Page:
SRMP Curricula for Teachers

The Science Research Mentoring Program provides New York City high school students with the opportunity to undertake year-long research projects with AMNH scientists. Students conduct research in the divisions of Astrophysics, Earth and Planetary Sciences, Vertebrate and Invertebrate Zoology, and Anthropology. Prior to their research year, students complete a series of 6-week long after-school courses designed to prepare them for the research experience. Co-taught and co-designed by Museum educators and scientists, SRMP course curriculum connects content, theory, and methodologies to the current, cutting-edge research of Museum scientists.

These curricula are designed to be taught in the Museum and make use of Museum resources and scientists; however, many lessons can be taught anywhere. We encourage you to use any or all of the curriculum below, and will add curriculum as we complete documentation of our efforts.  If you have questions about any of the curricula, please email us at [email protected].



Available SRMP Curricula

Life Sciences

Biodiversity: Tree of Life
This course introduces students to the diversity of major groups of organisms and their evolutionary relationships. Students will be able to understand concepts used in studying biodiversity, recognize major groups on the tree of life, and understand the link between biodiversity and evolution.

Comparative Genomics
This course will cover genetics and genomics, with a focus on understanding the composition of the genome. Students will learn what is in the genome, how mutations arise, and how variation in the genome impacts evolution and natural selection. Through a series of projects, students study how Museum scientists use genetic information to study the history of life on earth and the conservation of endangered species.

Conservation Biology
This course introduces students to the principal concepts and methods of Conservation Biology. They will then be able to apply this knowledge to analyze and address actual problems in ecosystems today.

Lab Skills: Molecular Biology
This course introduces students to basic techniques in molecular biology, through extracting their own DNA and genotyping themselves at a mtDNA locus by restriction digestion.

Lab Skills: Statistics
This course introduces students to the basics of statistics through the design of a case study for biologists. Students will design their own case studies, and collect and analyze field data using morphometrics. This data will be used to demonstrate basic statistics.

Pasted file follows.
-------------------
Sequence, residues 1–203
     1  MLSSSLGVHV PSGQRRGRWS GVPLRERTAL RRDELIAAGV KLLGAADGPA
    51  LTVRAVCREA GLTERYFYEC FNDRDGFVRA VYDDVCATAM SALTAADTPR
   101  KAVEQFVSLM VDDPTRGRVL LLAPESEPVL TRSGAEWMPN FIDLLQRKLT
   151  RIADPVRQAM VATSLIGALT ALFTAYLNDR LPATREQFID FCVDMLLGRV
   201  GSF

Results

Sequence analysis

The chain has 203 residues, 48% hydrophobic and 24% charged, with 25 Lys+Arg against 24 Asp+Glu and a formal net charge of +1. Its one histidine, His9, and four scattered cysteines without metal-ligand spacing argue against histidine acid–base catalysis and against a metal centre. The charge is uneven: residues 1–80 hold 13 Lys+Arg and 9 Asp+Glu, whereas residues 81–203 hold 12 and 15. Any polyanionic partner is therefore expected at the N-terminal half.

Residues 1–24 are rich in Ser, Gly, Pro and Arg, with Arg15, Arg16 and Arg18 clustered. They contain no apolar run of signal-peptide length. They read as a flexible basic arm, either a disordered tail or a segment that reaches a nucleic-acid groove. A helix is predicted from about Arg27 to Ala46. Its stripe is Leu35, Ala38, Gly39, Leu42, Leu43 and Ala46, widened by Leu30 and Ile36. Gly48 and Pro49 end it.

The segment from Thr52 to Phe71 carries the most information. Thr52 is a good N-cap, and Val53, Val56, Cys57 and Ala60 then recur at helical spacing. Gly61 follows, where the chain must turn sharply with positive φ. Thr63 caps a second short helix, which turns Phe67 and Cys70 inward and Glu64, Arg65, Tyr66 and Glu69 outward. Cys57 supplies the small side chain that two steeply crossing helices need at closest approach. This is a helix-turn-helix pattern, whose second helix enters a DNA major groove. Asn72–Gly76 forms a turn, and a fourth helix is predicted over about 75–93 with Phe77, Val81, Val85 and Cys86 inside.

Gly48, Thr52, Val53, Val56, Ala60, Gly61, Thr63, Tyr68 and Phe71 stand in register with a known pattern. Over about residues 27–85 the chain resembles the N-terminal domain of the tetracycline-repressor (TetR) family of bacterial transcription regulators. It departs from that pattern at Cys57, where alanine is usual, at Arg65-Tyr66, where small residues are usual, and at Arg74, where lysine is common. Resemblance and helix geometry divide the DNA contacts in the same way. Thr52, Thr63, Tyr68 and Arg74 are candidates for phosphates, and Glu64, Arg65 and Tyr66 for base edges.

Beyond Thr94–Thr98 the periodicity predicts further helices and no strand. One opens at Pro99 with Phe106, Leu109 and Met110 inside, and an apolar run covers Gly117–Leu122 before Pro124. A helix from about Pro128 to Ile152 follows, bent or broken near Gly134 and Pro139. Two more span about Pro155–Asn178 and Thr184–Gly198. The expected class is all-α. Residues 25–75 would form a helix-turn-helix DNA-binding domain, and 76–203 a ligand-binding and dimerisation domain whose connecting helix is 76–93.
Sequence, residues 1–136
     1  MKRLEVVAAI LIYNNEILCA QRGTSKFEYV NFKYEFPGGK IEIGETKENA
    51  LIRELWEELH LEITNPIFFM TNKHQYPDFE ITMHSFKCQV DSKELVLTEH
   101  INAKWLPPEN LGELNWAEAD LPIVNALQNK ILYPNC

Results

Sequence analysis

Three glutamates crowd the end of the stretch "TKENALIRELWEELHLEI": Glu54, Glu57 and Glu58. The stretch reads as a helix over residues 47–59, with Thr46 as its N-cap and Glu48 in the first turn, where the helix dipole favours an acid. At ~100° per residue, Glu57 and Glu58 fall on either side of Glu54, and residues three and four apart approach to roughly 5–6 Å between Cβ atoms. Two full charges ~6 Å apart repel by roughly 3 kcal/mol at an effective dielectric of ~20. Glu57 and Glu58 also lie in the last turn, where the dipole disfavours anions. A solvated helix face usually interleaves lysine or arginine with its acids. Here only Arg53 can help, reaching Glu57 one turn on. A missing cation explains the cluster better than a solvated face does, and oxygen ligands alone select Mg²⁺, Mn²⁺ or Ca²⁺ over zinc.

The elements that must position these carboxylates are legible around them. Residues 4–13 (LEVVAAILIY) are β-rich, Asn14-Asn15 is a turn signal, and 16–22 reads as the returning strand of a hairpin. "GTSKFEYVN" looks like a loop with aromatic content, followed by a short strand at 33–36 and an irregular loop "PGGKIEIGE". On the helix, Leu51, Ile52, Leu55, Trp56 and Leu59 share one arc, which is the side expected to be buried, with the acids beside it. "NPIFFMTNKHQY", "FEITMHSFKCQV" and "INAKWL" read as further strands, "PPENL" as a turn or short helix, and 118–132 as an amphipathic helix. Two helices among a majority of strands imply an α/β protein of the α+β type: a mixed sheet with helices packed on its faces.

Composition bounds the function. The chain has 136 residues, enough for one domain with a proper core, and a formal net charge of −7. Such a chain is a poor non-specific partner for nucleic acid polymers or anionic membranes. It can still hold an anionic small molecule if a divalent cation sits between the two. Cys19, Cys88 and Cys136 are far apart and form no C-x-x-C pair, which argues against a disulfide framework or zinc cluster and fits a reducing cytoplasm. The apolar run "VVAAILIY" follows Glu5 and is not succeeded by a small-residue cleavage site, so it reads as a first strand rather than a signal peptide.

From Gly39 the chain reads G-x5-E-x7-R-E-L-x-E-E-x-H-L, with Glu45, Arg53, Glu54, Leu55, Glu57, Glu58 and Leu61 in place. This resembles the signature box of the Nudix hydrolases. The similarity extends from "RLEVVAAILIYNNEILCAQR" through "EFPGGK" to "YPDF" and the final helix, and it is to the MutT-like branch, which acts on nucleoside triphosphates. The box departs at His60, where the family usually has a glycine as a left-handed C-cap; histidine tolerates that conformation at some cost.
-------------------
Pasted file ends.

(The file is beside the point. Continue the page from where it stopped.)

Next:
Mechanisms of Evolution
This course introduces students to evolutionary theory and the mechanisms by which evolution occurs. Topics such as genetic mutation, gene flow, genetic drift, recombination, and natural selection will be taught in the context of micro- and macroevolution. Students will understand shared common ancestry or decent with modification, a hallmark of Darwin’s Theory of Evolution and Natural Selection, and will build evolutionary trees to demonstrate these processes.

Physical Sciences

DIY Astronomy
This course familiarizes students with the various instruments and techniques astronomers use to collect data (such as images and spectra) and the tools that astronomers use to extract useful information from these data.

Dynamic Earth
This course introduces students to Earth’s dynamic systems. Students observe minerals and rocks, rock faces, and regions, and learn how such observations can be used to piece together the history of our planet.

Solar System
This course covers the types and properties of the objects within the Solar System, its formation, and the tools to study it. Additional topics include classification and scale modeling.

This course introduces students to stars, and research into stars. Topics covered include the lives of stars (“stellar evolution”), the HR Diagram, classification, types, the processes within, observational properties, catalogs of stellar properties, and other research tools associated with stellar astronomy.

Wonderful Universe
This course addresses core concepts in astrophysics: energy and force, conservation laws, Newton’s laws, gravity and orbits, quantization, light, and space-time. Light topics include spectroscopy and electron energy levels, photos versus waves, the electromagnetic spectrum, and blackbody radiation. The course also covers basic mathematical skills, including units of measurement, scientific notation, and trigonometry. Activities and planetarium viewings reinforce each topic.


The Science Research Mentoring Programs are supported by
the National Science Foundation under Grant No. DRL-0833537,
and by NASA under grant award NNX09AL36G.

NSF and NASA logo

Generous support for this program is provided by Wells Fargo.


Additional support for this program is provided by
the Adolph and Ruth Schnurmacher Foundation,
and the Charles and Mildred Schnurmacher Foundation.


Complimentary test preparation and college admissions
support for program participants is generously provided by

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